Uncovered: The Types of Mosquitoes in Maryland and How to Protect Yourself

In Maryland, various mosquito species can be found due to the state’s diverse habitats and proximity to bodies of water. These mosquito species differ in their preferred breeding sites, activity patterns, and potential disease transmission. Here are some common types of mosquitoes found in Maryland:

1. Aedes albopictus

Aedes albopictus, also known as the Asian tiger mosquito, is an invasive mosquito species found in Maryland. It has black and white striped legs and body. Aedes albopictus mosquitoes are aggressive biters and are primarily active during the day. They can transmit diseases such as dengue fever and Zika virus.

2. Culex pipiens

Culex pipiens, commonly known as the northern house mosquito, is a prevalent mosquito species in Maryland. It has a brown body and prefers to breed in stagnant water sources, such as bird baths and clogged gutters. Culex pipiens mosquitoes are active during the evening and nighttime hours and can transmit diseases like West Nile virus.

3. Anopheles quadrimaculatus

Anopheles quadrimaculatus is a mosquito species found in Maryland that is known to transmit malaria parasites. It has a dark brown or black body with spotted wings. Anopheles mosquitoes are typically active during the evening and nighttime hours and prefer to breed in freshwater habitats such as marshes and swamps.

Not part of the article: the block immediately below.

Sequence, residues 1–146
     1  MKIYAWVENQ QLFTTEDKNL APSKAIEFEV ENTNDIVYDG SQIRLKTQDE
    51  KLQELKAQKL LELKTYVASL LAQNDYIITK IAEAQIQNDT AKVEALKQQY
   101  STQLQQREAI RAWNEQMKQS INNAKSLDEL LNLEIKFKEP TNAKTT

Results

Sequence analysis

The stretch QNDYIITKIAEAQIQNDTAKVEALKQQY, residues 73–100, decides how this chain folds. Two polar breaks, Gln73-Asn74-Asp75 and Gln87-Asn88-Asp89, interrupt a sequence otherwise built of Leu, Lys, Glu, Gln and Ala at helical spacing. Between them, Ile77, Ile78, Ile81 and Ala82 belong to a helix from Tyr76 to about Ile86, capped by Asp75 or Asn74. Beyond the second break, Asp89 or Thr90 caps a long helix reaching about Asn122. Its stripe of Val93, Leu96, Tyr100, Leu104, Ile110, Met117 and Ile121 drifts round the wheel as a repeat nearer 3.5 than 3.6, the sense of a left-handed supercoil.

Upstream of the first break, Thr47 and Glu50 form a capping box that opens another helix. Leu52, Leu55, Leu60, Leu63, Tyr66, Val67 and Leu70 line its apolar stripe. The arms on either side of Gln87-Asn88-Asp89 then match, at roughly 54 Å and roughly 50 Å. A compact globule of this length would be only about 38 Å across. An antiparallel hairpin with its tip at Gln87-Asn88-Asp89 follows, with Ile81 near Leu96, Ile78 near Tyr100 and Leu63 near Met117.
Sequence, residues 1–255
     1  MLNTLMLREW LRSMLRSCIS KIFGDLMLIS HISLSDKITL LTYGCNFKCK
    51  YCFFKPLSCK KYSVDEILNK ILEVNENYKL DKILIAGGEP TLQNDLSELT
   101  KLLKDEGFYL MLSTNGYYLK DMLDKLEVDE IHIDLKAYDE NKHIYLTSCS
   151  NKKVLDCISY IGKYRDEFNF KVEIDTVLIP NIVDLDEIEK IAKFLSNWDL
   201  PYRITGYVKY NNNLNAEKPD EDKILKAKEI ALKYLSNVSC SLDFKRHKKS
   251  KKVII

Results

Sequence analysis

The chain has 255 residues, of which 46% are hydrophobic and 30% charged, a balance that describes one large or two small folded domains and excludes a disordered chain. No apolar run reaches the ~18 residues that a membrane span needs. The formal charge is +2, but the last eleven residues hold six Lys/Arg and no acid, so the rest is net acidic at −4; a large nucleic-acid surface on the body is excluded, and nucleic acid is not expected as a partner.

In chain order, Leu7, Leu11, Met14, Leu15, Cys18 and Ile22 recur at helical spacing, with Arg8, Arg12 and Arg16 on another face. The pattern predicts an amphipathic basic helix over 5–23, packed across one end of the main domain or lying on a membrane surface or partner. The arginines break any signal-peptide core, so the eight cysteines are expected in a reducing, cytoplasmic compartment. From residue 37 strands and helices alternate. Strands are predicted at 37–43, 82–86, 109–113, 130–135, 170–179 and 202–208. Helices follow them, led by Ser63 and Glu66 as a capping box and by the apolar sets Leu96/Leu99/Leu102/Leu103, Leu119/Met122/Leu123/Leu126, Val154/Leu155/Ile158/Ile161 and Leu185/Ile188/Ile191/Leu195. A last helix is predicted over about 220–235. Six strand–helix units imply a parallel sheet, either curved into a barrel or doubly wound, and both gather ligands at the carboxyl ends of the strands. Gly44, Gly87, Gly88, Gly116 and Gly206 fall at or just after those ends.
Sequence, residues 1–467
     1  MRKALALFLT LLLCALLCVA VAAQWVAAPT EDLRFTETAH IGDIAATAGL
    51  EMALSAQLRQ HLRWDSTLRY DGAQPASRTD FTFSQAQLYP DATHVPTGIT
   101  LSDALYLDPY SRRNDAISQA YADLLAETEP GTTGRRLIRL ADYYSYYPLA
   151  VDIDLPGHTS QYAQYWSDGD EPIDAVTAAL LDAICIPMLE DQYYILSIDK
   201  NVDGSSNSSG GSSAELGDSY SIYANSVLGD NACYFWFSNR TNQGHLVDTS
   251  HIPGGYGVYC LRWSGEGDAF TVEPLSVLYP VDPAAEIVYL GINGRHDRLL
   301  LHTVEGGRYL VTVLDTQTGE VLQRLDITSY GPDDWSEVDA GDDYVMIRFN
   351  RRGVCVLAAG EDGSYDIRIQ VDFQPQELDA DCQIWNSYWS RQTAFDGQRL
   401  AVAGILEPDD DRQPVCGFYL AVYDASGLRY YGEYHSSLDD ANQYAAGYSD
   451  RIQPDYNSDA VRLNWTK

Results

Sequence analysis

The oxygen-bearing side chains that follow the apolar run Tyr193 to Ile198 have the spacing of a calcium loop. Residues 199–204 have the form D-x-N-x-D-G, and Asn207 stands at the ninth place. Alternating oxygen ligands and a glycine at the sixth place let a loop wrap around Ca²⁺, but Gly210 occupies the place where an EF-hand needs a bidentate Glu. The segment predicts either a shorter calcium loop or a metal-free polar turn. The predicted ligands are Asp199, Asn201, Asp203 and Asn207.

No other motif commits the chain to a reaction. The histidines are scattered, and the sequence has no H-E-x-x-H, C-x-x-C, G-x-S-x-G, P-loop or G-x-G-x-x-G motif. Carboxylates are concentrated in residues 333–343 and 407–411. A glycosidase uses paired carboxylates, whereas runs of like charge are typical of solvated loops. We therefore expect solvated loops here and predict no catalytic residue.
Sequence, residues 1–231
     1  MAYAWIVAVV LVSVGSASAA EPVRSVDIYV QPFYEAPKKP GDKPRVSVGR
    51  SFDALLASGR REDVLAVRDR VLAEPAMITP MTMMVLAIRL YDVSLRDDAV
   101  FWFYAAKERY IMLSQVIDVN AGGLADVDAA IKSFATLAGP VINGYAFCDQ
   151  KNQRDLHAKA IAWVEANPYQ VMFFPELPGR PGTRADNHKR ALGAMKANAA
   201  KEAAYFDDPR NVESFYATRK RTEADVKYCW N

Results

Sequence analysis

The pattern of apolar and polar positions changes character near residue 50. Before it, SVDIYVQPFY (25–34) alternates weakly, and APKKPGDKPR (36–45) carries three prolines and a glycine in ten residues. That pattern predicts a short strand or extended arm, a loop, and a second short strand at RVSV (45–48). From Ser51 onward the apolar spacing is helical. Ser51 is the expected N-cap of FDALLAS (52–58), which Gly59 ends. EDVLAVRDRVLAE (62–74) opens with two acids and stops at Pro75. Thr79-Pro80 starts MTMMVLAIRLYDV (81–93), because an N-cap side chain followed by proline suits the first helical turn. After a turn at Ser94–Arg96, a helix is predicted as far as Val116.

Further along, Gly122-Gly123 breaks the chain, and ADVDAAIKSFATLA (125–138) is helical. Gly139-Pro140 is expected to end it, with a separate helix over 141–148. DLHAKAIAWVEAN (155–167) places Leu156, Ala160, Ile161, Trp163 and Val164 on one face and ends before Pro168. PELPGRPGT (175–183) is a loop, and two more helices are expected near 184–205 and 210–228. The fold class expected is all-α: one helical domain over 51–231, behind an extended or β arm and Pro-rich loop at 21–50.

4. Psorophora columbiae

Psorophora columbiae, also known as the gallinipper mosquito, is a large and aggressive mosquito species found in Maryland. It has a dark body with white bands on its legs. While Psorophora columbiae mosquitoes do not typically transmit diseases, their painful bites can be a nuisance to humans and animals.

5. Culiseta melanura

Culiseta melanura is a mosquito species found in Maryland that primarily feeds on birds. It has a dark body with white bands on its legs. While Culiseta melanura mosquitoes are not known for directly transmitting diseases to humans, they play a role in the transmission cycle of Eastern equine encephalitis (EEE) virus, which can affect both birds and humans.

These are just a few examples of the mosquito species found in Maryland. It’s important to note that mosquito populations and the risk of disease transmission can vary depending on factors such as climate, season, and local conditions. Taking preventive measures, such as using mosquito repellents, eliminating breeding sites, and wearing protective clothing, can help reduce mosquito bites and minimize the potential for mosquito-borne diseases.